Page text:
Scotland politics

Scottish independence: Which way for polls after currency speeches?

George Osborne Image copyright Getty Images
Image caption Chancellor George Osborne made a speech saying a post-yes Scotland could not keep the pound

George Osborne's announcement last week that the UK would be unwilling to share the pound with an independent Scotland, an announcement that was subsequently endorsed by both the Shadow Chancellor, Ed Balls, and the Liberal Democrat Chief Secretary, Danny Alexander, was meant to be a "game changer".

Strategists for the Better Together campaign claimed that those voters who were as yet not wholly committed to either a "yes" or "no" vote were particularly concerned about the prospect that independence might mean losing the pound.

The co-ordinated announcement appeared to be a determined attempt by the "no" campaign to regain momentum after signs that its poll lead had slipped back somewhat.

So, the first poll to be conducted following the currency row has been eagerly anticipated. Today it finally appeared - conducted by the internet polling company Survation for the Daily Mail.

The poll's headline findings suggest that, if anything, the "no" side's stratagem has not only failed to deliver any immediate boost to the Unionist cause, but has actually backfired.

The poll puts the "no" vote on 47 points, down five on a poll Survation conducted just a fortnight ago.

Image copyright PA
Image caption The currency issue has come to the fore in the last few weeks

The "yes" tally is estimated now to be 38%, up six.

If the "don't knows" are excluded from the calculation the poll points to a 45% "yes" vote, up seven points on Survation's previous poll.

However, there is an important difference between the way in which this poll was conducted and analysed and the way in which Survation's previous poll was undertaken.

That difference probably accounts for most if not necessarily all of the apparent swing in favour of independence.

Even so, the figures are hardly in tune with the "no" side's expectation that the currency announcement would prove to be a decisive move in their favour.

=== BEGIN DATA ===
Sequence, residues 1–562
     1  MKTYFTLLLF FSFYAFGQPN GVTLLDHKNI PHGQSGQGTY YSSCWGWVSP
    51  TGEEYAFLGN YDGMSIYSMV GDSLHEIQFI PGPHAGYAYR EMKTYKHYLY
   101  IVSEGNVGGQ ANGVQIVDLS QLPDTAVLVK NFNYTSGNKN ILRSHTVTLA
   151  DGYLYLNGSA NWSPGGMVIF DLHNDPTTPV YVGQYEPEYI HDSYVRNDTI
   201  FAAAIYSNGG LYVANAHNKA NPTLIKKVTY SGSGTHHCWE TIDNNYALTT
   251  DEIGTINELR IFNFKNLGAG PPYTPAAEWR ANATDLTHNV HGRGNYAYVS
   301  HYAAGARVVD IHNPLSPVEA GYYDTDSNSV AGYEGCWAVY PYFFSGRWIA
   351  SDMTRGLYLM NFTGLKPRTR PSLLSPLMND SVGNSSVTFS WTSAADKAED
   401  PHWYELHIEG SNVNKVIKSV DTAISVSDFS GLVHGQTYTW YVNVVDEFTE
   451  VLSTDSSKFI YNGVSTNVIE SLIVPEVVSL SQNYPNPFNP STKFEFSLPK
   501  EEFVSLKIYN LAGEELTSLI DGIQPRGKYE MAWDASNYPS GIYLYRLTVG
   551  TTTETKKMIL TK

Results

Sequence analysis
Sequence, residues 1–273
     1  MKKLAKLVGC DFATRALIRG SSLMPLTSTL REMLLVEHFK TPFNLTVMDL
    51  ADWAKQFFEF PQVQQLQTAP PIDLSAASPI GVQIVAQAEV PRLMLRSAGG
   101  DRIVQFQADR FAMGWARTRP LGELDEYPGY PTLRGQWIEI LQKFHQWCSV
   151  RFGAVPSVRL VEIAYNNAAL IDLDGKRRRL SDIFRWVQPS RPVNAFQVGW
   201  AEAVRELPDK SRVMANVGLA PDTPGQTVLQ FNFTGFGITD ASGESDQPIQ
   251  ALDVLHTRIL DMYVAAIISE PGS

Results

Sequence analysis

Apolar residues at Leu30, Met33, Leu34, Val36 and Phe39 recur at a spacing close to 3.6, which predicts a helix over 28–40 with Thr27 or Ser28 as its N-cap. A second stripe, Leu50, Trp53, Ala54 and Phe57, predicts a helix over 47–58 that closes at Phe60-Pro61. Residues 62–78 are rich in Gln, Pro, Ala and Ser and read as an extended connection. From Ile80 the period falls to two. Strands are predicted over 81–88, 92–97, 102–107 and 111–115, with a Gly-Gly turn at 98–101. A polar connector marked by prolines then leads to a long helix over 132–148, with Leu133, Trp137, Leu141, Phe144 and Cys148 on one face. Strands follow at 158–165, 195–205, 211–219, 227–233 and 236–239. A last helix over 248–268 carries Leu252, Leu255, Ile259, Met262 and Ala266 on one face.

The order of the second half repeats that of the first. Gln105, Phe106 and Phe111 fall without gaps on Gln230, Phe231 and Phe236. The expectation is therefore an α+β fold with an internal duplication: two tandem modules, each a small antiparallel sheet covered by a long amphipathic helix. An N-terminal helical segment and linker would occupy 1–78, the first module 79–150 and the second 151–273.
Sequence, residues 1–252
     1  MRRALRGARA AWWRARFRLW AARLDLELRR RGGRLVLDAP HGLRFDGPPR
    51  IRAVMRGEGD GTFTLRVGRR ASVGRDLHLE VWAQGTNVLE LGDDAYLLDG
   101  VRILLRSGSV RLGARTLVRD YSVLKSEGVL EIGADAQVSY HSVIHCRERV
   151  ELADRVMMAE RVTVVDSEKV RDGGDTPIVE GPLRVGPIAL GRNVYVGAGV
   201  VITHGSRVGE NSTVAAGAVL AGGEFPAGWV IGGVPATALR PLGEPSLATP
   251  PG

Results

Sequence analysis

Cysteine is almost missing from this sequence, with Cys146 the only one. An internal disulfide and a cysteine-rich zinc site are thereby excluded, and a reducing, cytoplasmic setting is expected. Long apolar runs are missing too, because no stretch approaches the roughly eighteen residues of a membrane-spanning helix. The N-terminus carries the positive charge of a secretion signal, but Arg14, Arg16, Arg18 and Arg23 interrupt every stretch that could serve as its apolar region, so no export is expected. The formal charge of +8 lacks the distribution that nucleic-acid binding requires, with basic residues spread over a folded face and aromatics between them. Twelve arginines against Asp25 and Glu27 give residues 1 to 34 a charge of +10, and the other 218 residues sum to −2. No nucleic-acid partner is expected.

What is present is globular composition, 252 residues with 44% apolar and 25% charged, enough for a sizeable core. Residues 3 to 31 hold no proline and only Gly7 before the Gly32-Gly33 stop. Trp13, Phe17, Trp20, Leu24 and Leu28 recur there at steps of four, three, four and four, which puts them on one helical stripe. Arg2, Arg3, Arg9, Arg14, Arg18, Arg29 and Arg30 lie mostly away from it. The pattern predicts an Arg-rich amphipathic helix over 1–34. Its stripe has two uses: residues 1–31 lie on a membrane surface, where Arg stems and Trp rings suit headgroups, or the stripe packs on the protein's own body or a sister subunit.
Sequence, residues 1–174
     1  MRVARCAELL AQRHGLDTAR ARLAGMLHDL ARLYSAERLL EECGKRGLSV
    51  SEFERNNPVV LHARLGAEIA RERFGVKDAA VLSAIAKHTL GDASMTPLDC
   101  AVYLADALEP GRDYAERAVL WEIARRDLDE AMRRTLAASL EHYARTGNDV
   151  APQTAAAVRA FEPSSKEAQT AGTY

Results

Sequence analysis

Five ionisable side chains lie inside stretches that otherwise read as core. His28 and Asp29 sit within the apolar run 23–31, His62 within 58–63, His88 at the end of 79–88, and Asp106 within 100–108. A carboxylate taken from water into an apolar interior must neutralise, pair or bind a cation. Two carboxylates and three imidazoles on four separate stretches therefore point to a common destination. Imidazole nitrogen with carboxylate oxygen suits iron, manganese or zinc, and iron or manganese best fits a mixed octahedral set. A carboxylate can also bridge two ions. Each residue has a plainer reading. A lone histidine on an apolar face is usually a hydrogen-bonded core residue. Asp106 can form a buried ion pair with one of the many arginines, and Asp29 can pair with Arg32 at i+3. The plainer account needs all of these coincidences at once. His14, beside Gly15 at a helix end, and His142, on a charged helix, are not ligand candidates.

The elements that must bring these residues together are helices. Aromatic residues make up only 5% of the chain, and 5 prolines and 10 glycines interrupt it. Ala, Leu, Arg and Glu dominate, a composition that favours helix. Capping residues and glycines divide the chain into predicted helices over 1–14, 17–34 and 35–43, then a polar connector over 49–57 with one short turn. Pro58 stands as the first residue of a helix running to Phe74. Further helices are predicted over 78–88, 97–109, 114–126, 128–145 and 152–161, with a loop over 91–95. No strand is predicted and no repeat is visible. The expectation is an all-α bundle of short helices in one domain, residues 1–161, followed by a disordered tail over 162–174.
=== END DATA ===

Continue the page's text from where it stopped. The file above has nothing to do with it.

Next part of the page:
The 45% Yes vote (excluding "don't knows") is well above the 41.5% average "yes" vote in other pre-currency announcement polls, including the 41% vote in another (pre-currency) poll from TNS BMRB released today.

To work as the "no" side hoped it would, the currency announcement needed to be believed by voters and succeeded in posing them with an unpalatable choice on an issue that mattered to them. It seems to have failed on both counts.

Today's Survation poll reports that only 37% of voters think that the Westminster parties really meant what they said. Just as many think they are "bluffing", while 26% say they just do not know whether to believe them or not.

Meanwhile, only 48% say they want to form a monetary union and share the pound with the rest of the UK in the first place. That mood is not new. The figure is almost identical to the 46% who backed that view in a poll conducted by Panelbase shortly before the currency statement.

Moreover, well before the announcement voters were telling pollsters that the currency was not a key issue for them.

In a poll conducted by TNS BMRB for the BBC, for example, the subject came eighth when voters were asked to put 10 key issues in order of importance to them.

At the same time, the Scottish Social Attitudes survey recently reported that voters' views about whether Scotland should and would keep the pound seemed to make relatively little difference to whether they intended to vote Yes or No.

Of course we should bear in mind that no one poll is definitive.

Any individual poll is always at risk of leading us astray because of the random fluctuations that come with any attempt to ascertain the nation's mood by interviewing just a thousand people.

'Slow burner'

We will need to await the findings of other polls to see if they confirm the impression that the currency row has not immediately shifted public opinion decisively in the "no" side's favour.

And the "no" side can hope that the issue will prove a "slow burner" that eventually eats away at people's confidence in the prospect of independence.

But in the meantime, there will be considerable relief in Bute House and not a little consternation in Downing St.

John Curtice is professor of politics at Strathclyde University, and chief commentator at, where details of all of the referendum polls can be found.

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